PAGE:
Wednesday, August 21, 2013

The Lost Medallion by Bill Muir and Alex Kendrick

This week, the

is introducing

B&H Kids; Mti edition (June 1, 2013)



Bill Muir is a popular speaker, an international award winning film maker and a sought-after consultant.

Having completed his new novels The Lost Medallion and A Hidden Treasure, Bill has turned his creativity to his new children’s novel, Howdy Neighbors.

When Bill isn’t writing a novel, he’s busy directing and producing movies. He recently spent four months in Thailand filming, The Lost Medallion: the adventures of Billy Stone. The movie will be in theaters this fall. When he isn’t working on movies, he’s having fun with his family working their farm.

Alex Kendrick is associate pastor of movie outreach for Sherwood Baptist Church. He is also an actor, writer, and director whose film credits include Facing the Giants, Fireproof, and Courageous. He and his wife, Christina, have six children.


Archaeologist Dr. Michael Stone looked for the lost medallion his entire life, and now his son Billy has taken up the search. Amazingly, the medallion ends up in Billy's hands and a spontaneous wish in a precarious situation takes Billy and his best friend Allie, back 200 years to what they realize is a very different Aumakua Island.

When Billy and his friends are not jumping off waterfalls, avoiding animal traps, crossing the ocean, sneaking through caves or escaping a prison they're facing their nemesis Cobra, who wants nothing more than for them all to disappear.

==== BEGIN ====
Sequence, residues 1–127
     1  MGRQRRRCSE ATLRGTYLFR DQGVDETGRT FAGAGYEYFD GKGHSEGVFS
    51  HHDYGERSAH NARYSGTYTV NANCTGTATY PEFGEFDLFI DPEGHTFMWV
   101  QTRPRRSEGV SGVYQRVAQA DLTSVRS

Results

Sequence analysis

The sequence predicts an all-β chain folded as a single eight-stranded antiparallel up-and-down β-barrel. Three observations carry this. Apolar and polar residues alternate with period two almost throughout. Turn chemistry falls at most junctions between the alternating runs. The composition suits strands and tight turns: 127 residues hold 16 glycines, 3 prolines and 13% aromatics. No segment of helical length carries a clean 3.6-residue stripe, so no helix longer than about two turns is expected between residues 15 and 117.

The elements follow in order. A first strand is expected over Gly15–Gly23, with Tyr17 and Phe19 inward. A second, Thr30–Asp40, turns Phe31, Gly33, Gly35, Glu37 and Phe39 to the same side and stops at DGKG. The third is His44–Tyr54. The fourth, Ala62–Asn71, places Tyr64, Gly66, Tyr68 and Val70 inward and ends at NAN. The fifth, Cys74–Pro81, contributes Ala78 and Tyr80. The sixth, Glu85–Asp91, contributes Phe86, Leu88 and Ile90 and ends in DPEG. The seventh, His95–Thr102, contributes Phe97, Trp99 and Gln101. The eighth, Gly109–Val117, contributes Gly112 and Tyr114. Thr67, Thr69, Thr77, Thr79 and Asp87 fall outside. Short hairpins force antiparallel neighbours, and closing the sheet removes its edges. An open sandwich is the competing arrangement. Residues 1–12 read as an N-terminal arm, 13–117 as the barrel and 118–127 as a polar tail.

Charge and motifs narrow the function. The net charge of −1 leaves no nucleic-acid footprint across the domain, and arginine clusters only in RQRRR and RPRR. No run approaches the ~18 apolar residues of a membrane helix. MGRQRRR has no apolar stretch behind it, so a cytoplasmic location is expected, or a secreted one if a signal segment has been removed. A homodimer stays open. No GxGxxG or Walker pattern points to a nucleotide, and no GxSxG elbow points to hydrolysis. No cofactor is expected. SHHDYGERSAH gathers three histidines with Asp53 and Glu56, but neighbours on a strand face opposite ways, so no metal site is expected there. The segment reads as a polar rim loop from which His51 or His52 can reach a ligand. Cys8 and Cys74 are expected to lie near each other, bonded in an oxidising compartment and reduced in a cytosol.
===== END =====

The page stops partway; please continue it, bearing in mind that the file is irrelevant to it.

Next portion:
With no other way to get home, and the well being of the entire island resting on his shoulders, Billy must discover the key to reclaiming the medallion and its tremendous power. One way or another, this adventure will change Billy, and life on the island, forever.

Best-selling author and film director Alex Kendrick (The Love Dare, Courageous) and Youth for Christ veteran Bill Muir bring us this exciting novelization of The Lost Medallion movie.

If you would like to read the first chapter of The Lost Medallion, go HERE.

Margie's Comments: I don't normally review children's books on this blog, but my first love is juvenile fiction (I was an elementary education major in college and taught on the elementary level several years before moving up to high school). So I was interested when presented with the opportunity to read and review The Lost Medallion. I love the story and the characters. And the spiritual thread is a lesson even many adults need to be reminded of. However, the editor side of me wishes the novelization of this film script didn't read so much like a film script with what I call "author intrusion," or telling the reader what the POV character doesn't see. Works well in a movie, not so well, in my opinion, in a novelization of the movie. But since most juvenile readers will have seen the movie, this more than likely will not matter to them. And it didn't keep me from reading the book and enjoying the story overall.

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